That's fine, and under most normal circumstances, it wouldn't really matter very much. These people will give you the value of their academic experience, and there can be no doubt that you need their financial expertise, no doubt there will be plenty of it.

But that's the problem. These kind of people are fine when it comes to running an organisation that is providing leadership for the kind of people who are pre-ordained to be good, honest and upright citizens; who will not play fast and loose with the rules, and can be guaranteed to comply with the regulations they operate under.

Such a Board exists to lend tone and gravitas to the Authority's deliberations, to provide the odd White Paper or Thought Leadership publication; perhaps stimulate a little debate at a nice evening cocktail party to which a few tame MP's and a visiting Euro bureaucrat are invited; possibly be a lead speaker at some grand conference, or give a learned paper at one of our leading universities.

But ask them, just once, to come up with some practical experience and advice and a cohesive action plan on how to deal with a financial institution like Barclays Wealth, where, as we were told only this week-end; 

 "...The current leadership team have pursued a course of “revenue at all costs”, taken a conscious decision to ignore support functions, reinforced a culture that is high risk and actively hostile to compliance, and ruled with an iron fist to remove any intervention from those who speak up in opposition..."

Ask them to suggest a strategy for dealing with the people who created this atmosphere of anomie; ask them to suggest an action plan for taking down the architects of this dysfunctional organisation, but in a manner whereby any evidence you might want to retain to show a judge later, can be collated and retained in an uncontaminated manner so as not to render it inadmissible;   how to undertake these actions in such a way that the individuals concerned don't go shrieking off to lawyers, demanding injunctions; and how to find the evidence to demonstrate that they are not fit and proper persons to be having the control of a regulated public company, and you will be barking up a blind alley!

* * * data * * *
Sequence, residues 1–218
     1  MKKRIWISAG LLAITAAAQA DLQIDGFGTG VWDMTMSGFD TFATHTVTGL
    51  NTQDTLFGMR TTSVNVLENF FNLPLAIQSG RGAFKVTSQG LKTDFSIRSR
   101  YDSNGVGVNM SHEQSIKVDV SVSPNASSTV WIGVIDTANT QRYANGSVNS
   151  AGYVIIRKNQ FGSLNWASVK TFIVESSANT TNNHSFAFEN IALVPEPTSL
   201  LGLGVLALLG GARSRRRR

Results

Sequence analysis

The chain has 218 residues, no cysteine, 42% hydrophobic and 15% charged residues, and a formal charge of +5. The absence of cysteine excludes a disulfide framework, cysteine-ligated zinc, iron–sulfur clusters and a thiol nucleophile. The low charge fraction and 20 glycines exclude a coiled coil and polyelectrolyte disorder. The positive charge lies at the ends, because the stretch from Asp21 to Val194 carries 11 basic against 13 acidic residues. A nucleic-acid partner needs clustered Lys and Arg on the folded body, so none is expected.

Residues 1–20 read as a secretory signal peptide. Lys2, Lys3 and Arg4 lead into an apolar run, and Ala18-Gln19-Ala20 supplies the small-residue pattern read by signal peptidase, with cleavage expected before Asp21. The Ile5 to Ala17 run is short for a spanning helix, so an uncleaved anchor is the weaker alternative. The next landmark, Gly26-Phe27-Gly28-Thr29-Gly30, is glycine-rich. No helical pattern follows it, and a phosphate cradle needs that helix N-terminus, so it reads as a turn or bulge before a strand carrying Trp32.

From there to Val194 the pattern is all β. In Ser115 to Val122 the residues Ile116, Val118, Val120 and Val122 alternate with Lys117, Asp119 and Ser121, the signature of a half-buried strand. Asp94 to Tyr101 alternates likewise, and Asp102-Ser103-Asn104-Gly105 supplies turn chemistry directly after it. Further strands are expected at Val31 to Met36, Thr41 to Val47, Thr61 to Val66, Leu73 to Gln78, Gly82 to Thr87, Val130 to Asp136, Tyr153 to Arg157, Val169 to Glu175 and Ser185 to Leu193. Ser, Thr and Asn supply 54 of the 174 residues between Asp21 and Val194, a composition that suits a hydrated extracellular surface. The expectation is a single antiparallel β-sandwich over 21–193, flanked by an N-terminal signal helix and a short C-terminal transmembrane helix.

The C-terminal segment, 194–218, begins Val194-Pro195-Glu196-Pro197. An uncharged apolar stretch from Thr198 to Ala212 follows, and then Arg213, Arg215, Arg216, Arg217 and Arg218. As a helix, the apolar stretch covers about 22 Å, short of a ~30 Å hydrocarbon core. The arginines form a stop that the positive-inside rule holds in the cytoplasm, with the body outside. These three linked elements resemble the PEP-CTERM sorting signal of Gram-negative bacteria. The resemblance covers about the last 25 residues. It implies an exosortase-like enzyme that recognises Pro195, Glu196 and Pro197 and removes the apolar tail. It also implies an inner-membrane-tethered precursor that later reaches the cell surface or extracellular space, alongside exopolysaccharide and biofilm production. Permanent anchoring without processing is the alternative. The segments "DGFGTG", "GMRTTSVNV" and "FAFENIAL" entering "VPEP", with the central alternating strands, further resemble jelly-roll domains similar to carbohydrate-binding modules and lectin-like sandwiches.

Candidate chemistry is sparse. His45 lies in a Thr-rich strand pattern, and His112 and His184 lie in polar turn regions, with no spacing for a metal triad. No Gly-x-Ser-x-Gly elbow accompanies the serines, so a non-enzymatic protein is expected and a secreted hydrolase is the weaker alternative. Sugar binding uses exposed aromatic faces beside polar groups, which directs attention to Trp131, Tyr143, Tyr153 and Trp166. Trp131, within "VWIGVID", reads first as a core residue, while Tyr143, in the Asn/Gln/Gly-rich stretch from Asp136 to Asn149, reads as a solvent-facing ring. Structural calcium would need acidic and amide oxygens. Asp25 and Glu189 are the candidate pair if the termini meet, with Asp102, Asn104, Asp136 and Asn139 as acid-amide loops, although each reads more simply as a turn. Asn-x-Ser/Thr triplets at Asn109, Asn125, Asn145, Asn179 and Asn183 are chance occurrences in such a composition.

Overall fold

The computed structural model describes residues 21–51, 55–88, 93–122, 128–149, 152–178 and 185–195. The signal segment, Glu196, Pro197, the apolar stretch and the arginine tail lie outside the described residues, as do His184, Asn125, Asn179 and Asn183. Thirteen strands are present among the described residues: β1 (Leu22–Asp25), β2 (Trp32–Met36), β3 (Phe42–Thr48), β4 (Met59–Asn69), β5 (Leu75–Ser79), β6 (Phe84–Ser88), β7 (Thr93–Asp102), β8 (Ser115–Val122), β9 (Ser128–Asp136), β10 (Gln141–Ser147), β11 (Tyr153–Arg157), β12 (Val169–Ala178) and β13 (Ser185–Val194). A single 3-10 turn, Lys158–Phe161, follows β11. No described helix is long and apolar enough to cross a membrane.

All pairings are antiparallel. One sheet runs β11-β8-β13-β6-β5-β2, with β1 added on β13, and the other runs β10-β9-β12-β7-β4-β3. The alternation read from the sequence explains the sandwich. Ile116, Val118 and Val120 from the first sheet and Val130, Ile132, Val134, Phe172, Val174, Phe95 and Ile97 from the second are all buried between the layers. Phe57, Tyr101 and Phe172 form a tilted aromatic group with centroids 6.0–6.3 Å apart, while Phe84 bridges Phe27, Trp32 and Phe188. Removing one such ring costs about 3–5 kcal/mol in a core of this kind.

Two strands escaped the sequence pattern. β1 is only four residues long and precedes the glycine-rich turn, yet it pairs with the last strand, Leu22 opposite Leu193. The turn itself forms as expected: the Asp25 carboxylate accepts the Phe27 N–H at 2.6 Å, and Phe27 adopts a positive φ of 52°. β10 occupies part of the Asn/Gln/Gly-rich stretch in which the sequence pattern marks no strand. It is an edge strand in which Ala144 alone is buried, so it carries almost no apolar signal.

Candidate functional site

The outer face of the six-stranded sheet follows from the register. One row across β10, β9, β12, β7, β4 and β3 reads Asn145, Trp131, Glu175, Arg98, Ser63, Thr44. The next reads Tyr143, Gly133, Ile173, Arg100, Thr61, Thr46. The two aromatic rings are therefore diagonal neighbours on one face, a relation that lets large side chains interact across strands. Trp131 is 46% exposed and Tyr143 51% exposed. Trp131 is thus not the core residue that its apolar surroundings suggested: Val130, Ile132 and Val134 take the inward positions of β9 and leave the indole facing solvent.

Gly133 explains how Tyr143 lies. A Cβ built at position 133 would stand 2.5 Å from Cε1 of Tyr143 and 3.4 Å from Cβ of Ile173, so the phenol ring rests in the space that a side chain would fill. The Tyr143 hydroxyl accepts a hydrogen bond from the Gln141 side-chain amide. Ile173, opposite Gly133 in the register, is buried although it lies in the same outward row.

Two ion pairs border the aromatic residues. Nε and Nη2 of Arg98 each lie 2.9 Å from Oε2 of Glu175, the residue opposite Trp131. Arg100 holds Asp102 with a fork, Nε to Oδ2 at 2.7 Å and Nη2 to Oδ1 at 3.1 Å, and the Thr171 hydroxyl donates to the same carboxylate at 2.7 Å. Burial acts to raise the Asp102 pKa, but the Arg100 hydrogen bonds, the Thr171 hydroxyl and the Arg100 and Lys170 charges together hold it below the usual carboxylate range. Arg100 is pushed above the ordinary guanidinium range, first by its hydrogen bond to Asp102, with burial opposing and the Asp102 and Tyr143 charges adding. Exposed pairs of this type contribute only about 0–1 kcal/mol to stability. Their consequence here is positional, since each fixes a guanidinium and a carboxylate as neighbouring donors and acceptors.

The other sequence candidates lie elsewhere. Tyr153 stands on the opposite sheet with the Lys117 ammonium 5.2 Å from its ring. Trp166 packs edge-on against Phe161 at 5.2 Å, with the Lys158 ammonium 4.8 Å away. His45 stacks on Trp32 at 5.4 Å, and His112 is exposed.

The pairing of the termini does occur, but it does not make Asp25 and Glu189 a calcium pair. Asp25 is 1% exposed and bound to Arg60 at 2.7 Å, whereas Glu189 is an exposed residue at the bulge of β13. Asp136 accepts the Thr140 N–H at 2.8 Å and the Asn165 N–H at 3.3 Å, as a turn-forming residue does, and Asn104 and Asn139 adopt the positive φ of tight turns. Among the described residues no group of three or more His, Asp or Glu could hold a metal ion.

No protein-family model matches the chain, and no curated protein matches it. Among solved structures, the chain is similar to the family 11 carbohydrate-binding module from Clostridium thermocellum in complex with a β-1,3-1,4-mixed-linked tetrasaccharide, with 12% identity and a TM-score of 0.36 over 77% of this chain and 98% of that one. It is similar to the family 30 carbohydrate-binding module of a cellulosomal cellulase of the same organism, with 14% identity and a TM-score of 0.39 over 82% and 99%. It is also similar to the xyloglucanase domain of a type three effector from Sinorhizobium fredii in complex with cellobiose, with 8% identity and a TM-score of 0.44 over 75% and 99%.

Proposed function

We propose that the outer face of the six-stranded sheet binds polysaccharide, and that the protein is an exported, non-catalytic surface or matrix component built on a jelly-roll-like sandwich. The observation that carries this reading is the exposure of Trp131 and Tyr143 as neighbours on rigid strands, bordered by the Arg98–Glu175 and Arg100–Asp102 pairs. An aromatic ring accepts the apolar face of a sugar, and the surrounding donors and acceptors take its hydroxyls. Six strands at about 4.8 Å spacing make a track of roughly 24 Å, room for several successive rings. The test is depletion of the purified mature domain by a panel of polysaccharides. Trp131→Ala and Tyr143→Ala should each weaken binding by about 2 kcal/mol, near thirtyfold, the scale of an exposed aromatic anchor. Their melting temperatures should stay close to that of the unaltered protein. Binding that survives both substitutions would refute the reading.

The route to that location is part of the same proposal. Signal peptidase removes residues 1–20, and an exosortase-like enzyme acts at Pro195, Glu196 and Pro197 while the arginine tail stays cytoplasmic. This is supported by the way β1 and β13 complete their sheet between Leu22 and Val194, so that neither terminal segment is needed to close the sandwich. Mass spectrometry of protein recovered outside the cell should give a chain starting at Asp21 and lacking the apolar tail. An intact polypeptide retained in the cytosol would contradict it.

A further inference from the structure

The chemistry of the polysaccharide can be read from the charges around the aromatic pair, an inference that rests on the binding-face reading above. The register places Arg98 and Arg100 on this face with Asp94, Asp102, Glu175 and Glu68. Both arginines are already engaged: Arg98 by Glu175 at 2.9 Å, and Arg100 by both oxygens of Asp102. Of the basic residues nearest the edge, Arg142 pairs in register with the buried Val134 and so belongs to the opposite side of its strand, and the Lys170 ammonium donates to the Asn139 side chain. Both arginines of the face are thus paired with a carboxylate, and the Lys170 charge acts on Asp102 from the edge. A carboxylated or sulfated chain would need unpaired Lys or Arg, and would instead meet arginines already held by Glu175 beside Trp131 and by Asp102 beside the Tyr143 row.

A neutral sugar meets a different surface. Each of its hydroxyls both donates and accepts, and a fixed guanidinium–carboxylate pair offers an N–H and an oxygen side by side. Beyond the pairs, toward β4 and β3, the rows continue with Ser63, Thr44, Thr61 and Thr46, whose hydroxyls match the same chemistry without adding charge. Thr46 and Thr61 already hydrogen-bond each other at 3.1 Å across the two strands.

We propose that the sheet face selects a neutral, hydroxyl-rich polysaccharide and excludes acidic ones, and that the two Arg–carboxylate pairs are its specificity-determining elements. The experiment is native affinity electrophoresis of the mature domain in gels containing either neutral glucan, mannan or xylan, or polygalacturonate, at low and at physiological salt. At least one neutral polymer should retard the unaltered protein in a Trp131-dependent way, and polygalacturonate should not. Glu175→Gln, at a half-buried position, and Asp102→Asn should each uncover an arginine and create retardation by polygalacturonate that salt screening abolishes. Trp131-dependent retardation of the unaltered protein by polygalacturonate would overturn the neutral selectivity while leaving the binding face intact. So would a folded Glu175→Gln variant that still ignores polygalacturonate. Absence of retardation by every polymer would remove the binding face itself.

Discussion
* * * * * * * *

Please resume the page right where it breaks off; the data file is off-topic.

The Board failed in its oversight of the FSA's conduct because they had no-one on the Board who had the first clue how to deal with the bunch of slick, amoral, greedy, dysfunctional, criminogenic, Masters of the Universe/Big Swinging Dicks who control the power functions inside our banking sector. I cannot help but wonder whether the Board members have already tendered their collective resignations in the light of these words.